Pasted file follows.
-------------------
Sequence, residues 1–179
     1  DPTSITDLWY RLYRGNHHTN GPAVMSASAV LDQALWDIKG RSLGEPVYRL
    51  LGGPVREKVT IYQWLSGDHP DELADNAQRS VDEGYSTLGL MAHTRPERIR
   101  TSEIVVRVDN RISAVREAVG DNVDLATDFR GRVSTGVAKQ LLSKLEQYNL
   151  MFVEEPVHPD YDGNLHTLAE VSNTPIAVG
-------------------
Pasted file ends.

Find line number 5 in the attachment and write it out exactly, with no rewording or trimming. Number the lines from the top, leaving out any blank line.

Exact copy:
   151  MFVEEPVHPD YDGNLHTLAE VSNTPIAVG